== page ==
The CEDIS was trained by STDP in partner services and was assigned all of the LAGLC ES cases by the middle of 2008. Similar to STDP DISs, the CEDIS completed monthly activity reports, as well as documented outcomes of cases in the STDP Surveillance database. In addition, an STDP partner services supervisor met with the CEDIS on a regular basis, was available via phone during regular hours and on weekends for technical guidance on difficult cases, and reviewed his case completion and monthly activity reports. The CEDIS worked the same hours as the clinic's operation, which included afternoons and nights, although not weekends. However, at times, he called or received calls on the weekends. He primarily did most of his initial contact to schedule interviews through phone calls, as it was determined that he would be most effective stationed at the clinic rather than out in the field. STDP DISs were available to find difficult cases in the field. STDP provided a DIS to cover the CEDIS work when the CEDIS was on vacation or sick leave.
Because the CEDIS was stationed at the diagnosing clinic rather than at STDP headquarters, he had ready access to medical records and in many instances was able to interview newly identified syphilis cases in person, either at initial diagnosis or when they returned to the clinic for treatment. As a peer of the gay community and an employee of the clinic, not the Public Health Department, the CEDIS's job was fully integrated into the clinic's normal work flow, and, as a coworker, the CEDIS attended LAGLC staff development and operation meetings. After the first year of significant success, funding for the CEDIS was continued through a cooperative agreement with the Centers for Disease Control.
Although significant outcomes were similar for all of ES cases, for this article, we only focused on primary syphilis cases. We evaluated the CEDIS's performance on several key PN outcomes by using a before and after design using 2006–2007 baseline data versus 2009–2010 post-intervention data for LAGLC primary syphilis cases. We extracted data on demographics, stage of disease, and outcomes from the Los Angeles County STD*CASEWATCH Surveillance data system. This database contains data on all chlamydia, gonorrhea, and syphilis cases reported in LAC. Its data are used for local, regional, and national surveillance reporting purposes and is systematically reviewed and updated for data accuracy and integrity. Additionally, we compared relevant CEDIS outcomes with the average county DISs' PN outcomes for primary syphilis among MSM excluding LAGLC cases in 2009–2010.
We defined sex partners as the total number of partners reported by the case during the exposure period and contacts as the number of partners with sufficient locating information to start an investigation. Evaluation measures included the proportion of cases interviewed; the time from a new syphilis case's visit date to interview date; the number and range of contacts elicited; the contact index—the ratio of the number of contacts elicited to the number of original syphilis cases interviewed; the preventive index—the number of contacts tested and treated within the incubation period to the number of original syphilis cases interviewed; the brought-to-treatment index—the ratio of the number of contacts diagnosed and treated for ES to the number of original syphilis cases interviewed; and the outcomes of the contacts elicited. Data analysis was performed using SAS (v. 9.1, Cary, NC). Pearson χ2 was estimated to compare variables before and after the placement of the CEDIS. Additionally, we evaluated the number of sex partners of the cases who did not provide any partner information before and after placement of the CEDIS and countywide.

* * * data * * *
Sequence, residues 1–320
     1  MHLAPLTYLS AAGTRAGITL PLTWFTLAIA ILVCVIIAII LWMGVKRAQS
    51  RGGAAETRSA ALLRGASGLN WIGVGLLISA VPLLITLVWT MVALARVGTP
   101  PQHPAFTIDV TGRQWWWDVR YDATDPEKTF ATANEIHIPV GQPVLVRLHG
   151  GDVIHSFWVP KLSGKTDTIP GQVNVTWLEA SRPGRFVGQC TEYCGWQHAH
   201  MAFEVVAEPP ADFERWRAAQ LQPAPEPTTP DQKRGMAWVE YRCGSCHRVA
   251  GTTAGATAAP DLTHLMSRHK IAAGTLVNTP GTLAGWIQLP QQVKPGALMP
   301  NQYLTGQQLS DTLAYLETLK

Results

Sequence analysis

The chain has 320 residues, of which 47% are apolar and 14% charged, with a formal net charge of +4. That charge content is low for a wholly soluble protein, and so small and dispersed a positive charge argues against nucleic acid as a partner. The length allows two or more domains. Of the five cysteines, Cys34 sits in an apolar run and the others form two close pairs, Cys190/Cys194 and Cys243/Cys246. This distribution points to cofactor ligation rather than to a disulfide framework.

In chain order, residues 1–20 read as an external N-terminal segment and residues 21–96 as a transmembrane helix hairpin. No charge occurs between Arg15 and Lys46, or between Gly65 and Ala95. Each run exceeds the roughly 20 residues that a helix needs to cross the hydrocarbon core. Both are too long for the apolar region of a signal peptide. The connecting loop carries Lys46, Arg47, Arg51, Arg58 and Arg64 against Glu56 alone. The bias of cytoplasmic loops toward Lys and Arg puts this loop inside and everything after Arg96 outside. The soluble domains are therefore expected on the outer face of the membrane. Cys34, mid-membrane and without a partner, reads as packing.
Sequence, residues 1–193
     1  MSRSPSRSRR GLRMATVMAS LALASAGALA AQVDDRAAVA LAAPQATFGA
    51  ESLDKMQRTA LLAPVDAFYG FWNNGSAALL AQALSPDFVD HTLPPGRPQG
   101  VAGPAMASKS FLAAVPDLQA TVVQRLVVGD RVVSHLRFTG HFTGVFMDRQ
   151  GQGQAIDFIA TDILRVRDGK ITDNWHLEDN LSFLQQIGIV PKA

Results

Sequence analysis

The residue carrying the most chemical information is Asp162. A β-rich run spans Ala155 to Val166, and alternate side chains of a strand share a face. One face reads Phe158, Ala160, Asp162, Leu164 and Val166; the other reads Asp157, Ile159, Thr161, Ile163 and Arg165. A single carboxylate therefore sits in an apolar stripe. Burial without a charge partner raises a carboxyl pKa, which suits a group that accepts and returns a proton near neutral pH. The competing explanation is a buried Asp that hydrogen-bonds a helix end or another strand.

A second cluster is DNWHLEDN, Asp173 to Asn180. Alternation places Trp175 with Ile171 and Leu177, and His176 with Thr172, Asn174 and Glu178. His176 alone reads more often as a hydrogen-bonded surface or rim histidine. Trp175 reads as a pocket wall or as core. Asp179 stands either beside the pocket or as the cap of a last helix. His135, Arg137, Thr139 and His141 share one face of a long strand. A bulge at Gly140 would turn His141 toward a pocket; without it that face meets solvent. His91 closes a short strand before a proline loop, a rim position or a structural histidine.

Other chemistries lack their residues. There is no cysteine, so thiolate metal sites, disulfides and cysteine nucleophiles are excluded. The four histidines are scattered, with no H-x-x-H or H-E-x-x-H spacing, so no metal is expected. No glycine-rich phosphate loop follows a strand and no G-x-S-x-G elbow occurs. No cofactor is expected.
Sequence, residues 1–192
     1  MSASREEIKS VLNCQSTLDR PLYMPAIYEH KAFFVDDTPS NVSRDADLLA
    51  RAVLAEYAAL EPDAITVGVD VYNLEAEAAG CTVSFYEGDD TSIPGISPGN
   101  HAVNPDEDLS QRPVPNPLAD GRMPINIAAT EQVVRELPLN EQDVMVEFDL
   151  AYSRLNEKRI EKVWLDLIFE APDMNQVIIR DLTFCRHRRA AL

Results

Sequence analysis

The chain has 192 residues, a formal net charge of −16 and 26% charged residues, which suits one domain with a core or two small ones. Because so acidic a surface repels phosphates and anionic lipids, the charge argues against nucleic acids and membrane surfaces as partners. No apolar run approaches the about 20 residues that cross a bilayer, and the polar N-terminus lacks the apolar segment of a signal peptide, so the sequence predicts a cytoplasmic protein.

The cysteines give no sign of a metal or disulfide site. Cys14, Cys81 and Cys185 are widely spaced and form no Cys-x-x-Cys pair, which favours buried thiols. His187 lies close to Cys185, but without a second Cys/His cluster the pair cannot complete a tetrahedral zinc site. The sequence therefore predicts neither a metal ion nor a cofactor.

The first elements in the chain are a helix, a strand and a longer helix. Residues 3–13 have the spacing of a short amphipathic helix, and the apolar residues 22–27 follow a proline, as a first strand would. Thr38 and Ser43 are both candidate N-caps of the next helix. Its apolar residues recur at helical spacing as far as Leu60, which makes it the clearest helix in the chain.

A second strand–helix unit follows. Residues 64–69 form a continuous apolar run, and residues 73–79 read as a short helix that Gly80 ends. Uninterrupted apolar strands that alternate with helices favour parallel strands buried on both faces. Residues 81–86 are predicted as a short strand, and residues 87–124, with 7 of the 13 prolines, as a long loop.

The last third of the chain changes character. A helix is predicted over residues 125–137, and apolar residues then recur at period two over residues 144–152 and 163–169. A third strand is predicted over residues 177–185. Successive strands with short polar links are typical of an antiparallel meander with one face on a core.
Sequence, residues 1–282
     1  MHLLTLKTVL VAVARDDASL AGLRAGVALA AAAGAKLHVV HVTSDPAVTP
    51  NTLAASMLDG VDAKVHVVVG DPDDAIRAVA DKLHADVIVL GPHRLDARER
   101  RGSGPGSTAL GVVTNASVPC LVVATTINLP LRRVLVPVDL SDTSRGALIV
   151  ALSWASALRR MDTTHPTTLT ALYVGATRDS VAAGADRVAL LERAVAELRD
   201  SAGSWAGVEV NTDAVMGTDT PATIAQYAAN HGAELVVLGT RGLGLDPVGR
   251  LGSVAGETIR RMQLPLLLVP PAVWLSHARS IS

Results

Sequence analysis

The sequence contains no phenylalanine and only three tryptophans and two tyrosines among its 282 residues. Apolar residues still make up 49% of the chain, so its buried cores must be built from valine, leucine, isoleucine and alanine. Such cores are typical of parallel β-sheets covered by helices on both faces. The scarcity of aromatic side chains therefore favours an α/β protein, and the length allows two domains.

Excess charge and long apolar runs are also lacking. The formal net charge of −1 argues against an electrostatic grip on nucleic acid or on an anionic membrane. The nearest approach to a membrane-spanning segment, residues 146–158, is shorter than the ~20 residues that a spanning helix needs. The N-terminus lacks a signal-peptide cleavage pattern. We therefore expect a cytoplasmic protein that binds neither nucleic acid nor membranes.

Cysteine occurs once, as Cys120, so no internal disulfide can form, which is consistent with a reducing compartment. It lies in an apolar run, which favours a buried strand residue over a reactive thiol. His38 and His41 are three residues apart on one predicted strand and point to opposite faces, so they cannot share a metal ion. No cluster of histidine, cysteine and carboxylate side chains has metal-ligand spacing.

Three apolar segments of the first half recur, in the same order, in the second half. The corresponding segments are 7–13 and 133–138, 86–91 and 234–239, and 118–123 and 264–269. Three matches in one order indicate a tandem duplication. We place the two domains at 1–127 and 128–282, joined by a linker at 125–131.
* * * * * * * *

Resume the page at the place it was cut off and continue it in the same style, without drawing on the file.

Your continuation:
Table 1 presents the characteristics and outcomes of the primary syphilis cases identified at LAGLC and countywide and the outcomes of their elicited partners. In 2006–2007 before placement of the CEDIS, 72 primary syphilis cases were diagnosed at LAGLC and 64 were assigned, with 1 case unable to locate. In 2009–2010 after placement of the CEDIS, 90 primary syphilis cases were diagnosed and 87 were assigned, all cases were located. After placement of the CEDIS, 100% (87) of primary cases assigned were interviewed compared with 67% (43) before placement of the CEDIS; 33% of 2006–2007 cases were lost to follow-up. Countywide in 2009–2010, 94% of primary cases were interviewed.
Characteristics of cases interviewed were similar before and after placement of the CEDIS. In 2009–2010, all primary syphilis cases were MSM. The majority of cases (39%) were between ages 25 and 34, 22% were between 35 and 44, 18% were between 18 and 24, 18% were between 45 and 54, and 3% were 55 or older. An estimated 48% of primary cases racially/ethnically identified as white, 34% as Hispanic, 12% as black, and 5% other race/ethnicity. The median number of reported sex partners after placement of the CEDIS was 4 and before placement of the CEDIS was 2. After placement of the CEDIS, 28% (26) of primary syphilis cases were interviewed on the same day as their clinic visit and 64% (59) within 7 days. In comparison before placement of the CEDIS, only 2% (1) of primary cases were interviewed on the same day as the clinic visit (P < 0.01). Countywide 9% of primary cases were interviewed on the same day and 19% within 7 days.